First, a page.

The history of football in America owes its early development to medieval Europe, where a wide variety of mob football games were played with many regional variations. While most of these games died out, as detailed below, others led to the eventual development of soccer, rugby, and American football. The peak of these developments occurred in the 19th century, elaborated under European Region below, leading to the creation of some of the most popular spectator sports in the world.
Modern materials discussing the history of football often link these modern games with ancient sports, especially within Greco-Roman culture. While there is no evidence to suggest such games have any historical link with modern forms of football, their similarities to American football are discussed below.
One such sport often lumped into the history of football is the game of episkyros, played in ancient Greece from an unknown period before the 5th century BC and for some time after. Accounts of this game are sparse, making it difficult to ascertain its rules. However, some of its basic mechanics have been pieced together, and they bear a level of similarity to American football. Teams of 12 to 14 players would attempt to move a ball past the opponent’s back line, though the methods to do so are not well elaborated. It seems one such method was to move past the back line while holding the ball, much like football in America. Episkyros also seems to have included interceptions, fumbles, tackling, juking opponents, and several other football-like features.
Despite these similarities, episkyros has no known connection with the history of football. No links have been found between this game and mob football sports in Europe, the latter of which led to the development of football in America. As such, despite its similarities, episkyros does not contribute to the history of football in America.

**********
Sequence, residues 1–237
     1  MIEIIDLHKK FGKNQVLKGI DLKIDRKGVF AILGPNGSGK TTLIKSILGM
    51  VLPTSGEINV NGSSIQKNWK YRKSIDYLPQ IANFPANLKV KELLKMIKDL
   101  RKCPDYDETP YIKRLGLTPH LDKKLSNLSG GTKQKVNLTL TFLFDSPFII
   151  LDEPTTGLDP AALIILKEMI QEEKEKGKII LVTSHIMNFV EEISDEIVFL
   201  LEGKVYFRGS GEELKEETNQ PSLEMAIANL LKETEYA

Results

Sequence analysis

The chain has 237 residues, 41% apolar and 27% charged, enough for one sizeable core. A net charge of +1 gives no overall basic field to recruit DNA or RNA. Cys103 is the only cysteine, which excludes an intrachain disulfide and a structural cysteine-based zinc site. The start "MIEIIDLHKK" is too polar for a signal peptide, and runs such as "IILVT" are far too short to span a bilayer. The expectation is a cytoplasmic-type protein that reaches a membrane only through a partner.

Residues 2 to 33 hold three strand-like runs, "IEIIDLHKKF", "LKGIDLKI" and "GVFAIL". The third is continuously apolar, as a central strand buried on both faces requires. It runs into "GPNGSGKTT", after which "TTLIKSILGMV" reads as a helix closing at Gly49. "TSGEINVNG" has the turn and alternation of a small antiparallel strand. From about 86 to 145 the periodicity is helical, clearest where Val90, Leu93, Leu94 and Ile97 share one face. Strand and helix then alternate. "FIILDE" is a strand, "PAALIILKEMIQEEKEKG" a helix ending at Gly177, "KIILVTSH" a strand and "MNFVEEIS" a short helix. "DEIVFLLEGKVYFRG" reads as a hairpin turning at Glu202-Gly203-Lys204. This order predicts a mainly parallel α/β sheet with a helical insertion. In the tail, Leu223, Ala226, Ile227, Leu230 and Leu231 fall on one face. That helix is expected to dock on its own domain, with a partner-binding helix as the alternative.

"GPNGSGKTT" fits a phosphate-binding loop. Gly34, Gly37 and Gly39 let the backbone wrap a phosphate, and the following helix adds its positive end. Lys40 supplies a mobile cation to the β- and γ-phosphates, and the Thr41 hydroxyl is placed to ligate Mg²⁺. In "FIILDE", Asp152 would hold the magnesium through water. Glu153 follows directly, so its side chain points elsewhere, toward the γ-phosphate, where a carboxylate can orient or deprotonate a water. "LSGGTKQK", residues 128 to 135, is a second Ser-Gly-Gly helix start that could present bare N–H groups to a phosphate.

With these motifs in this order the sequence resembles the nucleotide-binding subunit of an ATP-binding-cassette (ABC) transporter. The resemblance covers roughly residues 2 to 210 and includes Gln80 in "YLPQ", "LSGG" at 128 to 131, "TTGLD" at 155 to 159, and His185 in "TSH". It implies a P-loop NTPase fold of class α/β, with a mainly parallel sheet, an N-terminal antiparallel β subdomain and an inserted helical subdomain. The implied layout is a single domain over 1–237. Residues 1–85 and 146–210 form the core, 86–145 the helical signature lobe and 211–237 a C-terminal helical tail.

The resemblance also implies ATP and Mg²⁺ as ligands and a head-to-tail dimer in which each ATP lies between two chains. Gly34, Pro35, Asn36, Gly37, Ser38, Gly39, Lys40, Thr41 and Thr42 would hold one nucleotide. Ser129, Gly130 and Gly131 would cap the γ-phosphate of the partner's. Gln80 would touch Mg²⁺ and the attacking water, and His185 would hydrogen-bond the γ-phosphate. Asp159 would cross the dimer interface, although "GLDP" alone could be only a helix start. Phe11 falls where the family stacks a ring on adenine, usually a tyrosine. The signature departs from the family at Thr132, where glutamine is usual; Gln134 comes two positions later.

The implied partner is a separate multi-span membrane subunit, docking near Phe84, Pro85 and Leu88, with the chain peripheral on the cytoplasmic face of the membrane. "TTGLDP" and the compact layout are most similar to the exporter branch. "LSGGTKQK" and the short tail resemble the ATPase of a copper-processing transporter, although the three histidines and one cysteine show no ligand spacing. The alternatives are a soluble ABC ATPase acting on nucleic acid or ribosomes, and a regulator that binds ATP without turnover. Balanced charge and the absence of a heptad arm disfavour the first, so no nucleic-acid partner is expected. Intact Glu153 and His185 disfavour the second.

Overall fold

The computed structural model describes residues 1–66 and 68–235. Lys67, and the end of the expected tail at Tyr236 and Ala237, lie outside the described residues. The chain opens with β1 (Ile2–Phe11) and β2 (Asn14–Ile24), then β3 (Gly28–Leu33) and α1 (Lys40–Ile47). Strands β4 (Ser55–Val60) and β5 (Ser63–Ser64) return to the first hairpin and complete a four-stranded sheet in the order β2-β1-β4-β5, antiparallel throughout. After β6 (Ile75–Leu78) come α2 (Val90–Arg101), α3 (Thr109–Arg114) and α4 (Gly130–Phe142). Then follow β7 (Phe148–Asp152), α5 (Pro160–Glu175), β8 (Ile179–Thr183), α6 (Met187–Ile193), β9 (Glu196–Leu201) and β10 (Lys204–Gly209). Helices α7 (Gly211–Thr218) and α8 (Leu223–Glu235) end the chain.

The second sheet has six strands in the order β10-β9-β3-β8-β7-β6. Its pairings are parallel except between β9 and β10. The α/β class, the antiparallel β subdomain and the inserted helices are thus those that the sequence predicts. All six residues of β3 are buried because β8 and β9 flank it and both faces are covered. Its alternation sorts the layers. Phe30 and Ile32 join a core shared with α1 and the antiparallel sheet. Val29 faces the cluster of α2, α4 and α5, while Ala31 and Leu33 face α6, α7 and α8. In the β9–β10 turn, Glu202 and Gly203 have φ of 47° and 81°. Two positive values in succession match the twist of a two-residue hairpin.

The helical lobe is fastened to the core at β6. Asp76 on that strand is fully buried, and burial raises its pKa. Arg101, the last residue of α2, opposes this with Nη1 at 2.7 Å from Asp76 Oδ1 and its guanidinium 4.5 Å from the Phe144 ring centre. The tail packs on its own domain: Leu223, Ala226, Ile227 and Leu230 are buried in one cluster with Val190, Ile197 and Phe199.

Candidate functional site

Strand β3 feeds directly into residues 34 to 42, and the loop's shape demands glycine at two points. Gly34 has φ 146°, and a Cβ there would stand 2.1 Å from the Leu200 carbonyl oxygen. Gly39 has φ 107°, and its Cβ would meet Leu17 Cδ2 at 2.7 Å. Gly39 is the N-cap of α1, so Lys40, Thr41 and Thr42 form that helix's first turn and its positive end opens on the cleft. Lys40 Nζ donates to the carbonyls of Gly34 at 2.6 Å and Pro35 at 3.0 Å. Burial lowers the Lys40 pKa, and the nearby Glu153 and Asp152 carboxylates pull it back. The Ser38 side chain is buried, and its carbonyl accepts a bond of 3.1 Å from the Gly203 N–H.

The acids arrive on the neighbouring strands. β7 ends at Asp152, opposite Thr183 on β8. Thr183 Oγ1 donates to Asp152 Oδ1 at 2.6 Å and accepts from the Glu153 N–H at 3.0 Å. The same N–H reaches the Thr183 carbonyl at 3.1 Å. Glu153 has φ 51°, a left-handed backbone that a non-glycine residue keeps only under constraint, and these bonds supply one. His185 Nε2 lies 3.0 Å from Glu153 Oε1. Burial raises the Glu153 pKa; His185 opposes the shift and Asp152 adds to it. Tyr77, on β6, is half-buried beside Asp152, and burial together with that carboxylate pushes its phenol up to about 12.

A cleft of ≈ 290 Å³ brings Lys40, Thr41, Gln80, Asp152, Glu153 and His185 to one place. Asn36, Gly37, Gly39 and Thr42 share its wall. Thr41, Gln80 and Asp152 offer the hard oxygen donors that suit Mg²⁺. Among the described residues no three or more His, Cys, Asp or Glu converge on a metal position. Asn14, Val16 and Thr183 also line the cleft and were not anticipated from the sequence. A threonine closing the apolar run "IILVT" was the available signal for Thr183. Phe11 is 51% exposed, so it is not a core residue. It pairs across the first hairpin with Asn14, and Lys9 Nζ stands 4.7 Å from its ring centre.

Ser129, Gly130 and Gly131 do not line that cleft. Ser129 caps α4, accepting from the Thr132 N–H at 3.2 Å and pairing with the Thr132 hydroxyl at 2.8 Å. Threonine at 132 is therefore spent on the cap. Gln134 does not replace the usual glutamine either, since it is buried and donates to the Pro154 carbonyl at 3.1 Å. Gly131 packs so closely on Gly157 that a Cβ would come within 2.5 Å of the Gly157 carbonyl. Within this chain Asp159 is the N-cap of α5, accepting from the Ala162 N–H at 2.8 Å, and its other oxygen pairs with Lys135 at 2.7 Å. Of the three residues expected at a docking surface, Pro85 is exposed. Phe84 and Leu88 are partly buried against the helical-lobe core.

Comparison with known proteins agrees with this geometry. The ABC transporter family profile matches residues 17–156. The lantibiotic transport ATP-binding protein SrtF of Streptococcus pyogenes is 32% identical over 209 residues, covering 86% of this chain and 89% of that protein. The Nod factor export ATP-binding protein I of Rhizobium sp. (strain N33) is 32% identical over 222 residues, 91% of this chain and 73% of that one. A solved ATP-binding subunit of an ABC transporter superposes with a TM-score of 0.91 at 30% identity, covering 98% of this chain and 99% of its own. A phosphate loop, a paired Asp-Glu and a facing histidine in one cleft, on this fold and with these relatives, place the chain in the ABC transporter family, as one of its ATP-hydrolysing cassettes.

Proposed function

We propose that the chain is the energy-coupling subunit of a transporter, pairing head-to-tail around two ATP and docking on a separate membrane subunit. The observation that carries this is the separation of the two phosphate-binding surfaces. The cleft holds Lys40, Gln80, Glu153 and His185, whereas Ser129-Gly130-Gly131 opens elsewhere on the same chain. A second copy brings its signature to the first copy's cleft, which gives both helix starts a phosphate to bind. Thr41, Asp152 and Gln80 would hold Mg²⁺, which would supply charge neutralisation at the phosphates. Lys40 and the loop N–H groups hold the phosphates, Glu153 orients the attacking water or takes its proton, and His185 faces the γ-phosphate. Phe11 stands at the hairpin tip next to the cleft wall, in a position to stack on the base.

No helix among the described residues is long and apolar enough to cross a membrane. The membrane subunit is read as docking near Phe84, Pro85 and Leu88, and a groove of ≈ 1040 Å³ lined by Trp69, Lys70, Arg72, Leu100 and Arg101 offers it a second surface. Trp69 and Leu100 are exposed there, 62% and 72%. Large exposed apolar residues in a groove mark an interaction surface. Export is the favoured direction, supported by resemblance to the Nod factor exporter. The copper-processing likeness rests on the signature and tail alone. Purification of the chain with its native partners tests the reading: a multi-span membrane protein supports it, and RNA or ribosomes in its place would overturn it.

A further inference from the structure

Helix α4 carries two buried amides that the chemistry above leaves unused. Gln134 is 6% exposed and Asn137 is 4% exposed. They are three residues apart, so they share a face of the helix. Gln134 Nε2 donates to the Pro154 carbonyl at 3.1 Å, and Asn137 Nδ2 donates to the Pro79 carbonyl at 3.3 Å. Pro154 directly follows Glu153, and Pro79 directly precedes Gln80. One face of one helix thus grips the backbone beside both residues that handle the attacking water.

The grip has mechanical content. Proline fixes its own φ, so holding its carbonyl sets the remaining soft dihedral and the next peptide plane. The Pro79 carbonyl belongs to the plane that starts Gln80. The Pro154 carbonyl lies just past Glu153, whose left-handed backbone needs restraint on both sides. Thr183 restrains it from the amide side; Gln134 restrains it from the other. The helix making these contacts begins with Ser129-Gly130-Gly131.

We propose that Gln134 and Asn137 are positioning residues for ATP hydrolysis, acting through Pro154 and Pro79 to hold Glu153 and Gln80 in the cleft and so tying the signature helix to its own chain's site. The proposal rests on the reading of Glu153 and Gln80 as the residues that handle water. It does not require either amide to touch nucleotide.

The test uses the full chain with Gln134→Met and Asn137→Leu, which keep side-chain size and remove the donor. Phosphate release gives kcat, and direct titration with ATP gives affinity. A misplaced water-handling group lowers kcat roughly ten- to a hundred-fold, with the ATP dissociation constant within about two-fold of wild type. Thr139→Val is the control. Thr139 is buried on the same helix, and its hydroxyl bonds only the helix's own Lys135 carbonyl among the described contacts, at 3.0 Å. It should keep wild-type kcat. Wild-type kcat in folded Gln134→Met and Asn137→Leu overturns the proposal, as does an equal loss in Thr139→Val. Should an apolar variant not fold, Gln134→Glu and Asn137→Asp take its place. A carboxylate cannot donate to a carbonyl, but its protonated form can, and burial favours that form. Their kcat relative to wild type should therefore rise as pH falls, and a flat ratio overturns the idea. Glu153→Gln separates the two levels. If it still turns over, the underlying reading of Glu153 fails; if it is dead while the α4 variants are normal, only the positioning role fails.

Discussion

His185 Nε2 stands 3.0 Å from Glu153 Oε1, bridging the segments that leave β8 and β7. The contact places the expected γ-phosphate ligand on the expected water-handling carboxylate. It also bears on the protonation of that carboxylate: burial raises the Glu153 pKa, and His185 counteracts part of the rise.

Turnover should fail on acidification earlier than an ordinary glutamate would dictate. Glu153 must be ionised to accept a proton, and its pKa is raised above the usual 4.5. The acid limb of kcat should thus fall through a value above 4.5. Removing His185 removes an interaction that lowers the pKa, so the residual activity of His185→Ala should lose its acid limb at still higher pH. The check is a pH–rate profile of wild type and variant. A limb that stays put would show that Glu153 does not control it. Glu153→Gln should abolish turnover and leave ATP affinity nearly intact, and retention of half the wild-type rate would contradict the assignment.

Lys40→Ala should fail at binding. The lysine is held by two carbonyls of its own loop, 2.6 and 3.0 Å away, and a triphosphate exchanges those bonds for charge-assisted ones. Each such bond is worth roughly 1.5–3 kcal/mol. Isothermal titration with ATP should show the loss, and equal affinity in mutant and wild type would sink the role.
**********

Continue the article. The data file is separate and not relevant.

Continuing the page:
The case is similar for the Roman game harpastum, largely due to the fact that the sport was a Roman adaptation of episkyros. As such, the two share many characteristics. However, accounts of harpastum suggest the sport was even more dissimilar to American football than its predecessor.
Its rules are difficult to determine in their entirety, but it seems harpastum was somewhat of an inversion of episkyros. Instead of trying to move a ball past the opponent, the goal of each team seems to have been to keep the ball within their own half of the field, attempting to keep the opponent from reaching it. Despite these differences, the game still featured some aforementioned elements of modern football – interceptions, fumbles, tackling, and juking – though these are coincidental. The game also allowed for full out grappling between opponents. Because of these dissimilarities and the lack of connections to football in Europe, harpastum does not directly contribute to the history of football.